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After using 800MHz processor system bus (PSB) for years, Intel Corp. is now expected to release chips for servers that feature busses clocked at 1066MHz and 1333MHz next year, the company revealed recently. Higher speed busses will be available on processors that use Intel’s next-generation micro-architecture, it indicated.

Jason Waxman, director of server platforms group at Intel Corp., recently announced that the company’s code-named Woodcrest processor, which is a successor of Intel’s Xeon DP chip produced using 65nm code-named Dempsey, will have 1333MHz processor system bus and core-logic to support the chip will be able to handle two of such busses. Such technology is called dual independent bus (DIB) and is also to be supported on Intel’s code-named Blackford chipset that will be able to work with two dual-core Dempsey processors using independent PSBs.

Intel’s code-named Woodcrest dual-core processors are slated to be shipped in the second half of 2006, according to Intel’s roadmap.

Given that Intel’s server processors typically utilize technologies that are also used on desktops or were previously used on desktops, it is highly likely that Intel’s forthcoming desktop chips that are to be available in 2006 will support 1333MHz Quad Pumped Bus. With higher speed busses Intel's server processors are likely to offer much higher performance levels compared to what is available now, which will add pressure on rival Advanced Micro Devices.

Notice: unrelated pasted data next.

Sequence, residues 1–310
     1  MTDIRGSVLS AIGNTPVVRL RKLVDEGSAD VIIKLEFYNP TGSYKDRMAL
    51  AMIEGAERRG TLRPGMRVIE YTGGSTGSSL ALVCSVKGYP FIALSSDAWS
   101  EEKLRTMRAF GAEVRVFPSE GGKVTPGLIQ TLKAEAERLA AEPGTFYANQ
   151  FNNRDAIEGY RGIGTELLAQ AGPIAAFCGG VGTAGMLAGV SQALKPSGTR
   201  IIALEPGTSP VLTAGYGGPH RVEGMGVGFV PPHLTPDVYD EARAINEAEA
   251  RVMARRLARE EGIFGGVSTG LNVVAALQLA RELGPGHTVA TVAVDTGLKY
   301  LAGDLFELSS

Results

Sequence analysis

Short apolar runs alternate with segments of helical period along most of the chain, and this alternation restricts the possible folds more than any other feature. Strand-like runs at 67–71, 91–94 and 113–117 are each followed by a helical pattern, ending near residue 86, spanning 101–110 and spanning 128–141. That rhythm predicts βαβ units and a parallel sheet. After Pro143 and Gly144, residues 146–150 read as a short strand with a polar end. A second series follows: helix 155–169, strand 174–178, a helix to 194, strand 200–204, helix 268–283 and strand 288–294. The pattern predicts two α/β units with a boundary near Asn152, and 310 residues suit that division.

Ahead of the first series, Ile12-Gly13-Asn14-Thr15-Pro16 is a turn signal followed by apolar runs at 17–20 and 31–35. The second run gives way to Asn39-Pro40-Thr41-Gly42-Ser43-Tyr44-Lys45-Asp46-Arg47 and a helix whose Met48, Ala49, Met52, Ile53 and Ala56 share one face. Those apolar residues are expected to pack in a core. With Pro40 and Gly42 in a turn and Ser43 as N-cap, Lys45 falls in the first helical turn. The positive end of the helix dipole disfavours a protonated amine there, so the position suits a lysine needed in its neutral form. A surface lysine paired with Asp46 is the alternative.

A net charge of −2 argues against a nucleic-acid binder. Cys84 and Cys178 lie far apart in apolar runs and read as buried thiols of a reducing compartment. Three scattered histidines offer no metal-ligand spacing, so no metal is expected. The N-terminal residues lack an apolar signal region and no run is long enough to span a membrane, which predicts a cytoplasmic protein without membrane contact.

Earlier this year Intel confirmed that processors code-named Merom, Conroe and Woodcrest would not be based on the NetBurst architecture that powers current Intel Pentium 4 and Intel Xeon chips. Besides new architecture, which is expected to feature shorter pipeline and high performance per clock, the chips will also sport capabilities like virtualization capabilities, LaGrande technology, 64-bit capability in addition to EDB, EIST and iAMT2. 

The code-named Merom processor will feature 14-stages pipeline, down from 31 or more stages found in current Intel Pentium (Prescott) designs, 4-issue out-of-order execution engine as well as improved performance of the floating-point unit (FPU). This greatly showcases the substantial difference from the current NetBurst chips that have very deep pipeline and cannot boast with really high-performance FPUs. Furthermore, 14-stages pipeline is deeper compared to AMD Athlon 64’s 12-stages pipeline, which, on the one hand, allows slightly higher clock-speeds compared to the AMD64 architecture, but, on the other hand, may mean a bit lower efficiency.

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